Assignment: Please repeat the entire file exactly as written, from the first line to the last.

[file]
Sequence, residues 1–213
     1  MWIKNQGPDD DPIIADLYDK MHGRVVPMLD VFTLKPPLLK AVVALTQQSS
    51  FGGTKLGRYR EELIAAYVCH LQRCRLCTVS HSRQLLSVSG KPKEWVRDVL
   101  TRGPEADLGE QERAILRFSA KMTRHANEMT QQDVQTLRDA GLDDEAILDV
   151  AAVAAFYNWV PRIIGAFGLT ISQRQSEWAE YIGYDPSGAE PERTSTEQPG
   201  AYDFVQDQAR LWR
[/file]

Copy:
Sequence, residues 1–213
     1  MWIKNQGPDD DPIIADLYDK MHGRVVPMLD VFTLKPPLLK AVVALTQQSS
    51  FGGTKLGRYR EELIAAYVCH LQRCRLCTVS HSRQLLSVSG KPKEWVRDVL
   101  TRGPEADLGE QERAILRFSA KMTRHANEMT QQDVQTLRDA GLDDEAILDV
   151  AAVAAFYNWV PRIIGAFGLT ISQRQSEWAE YIGYDPSGAE PERTSTEQPG
   201  AYDFVQDQAR LWR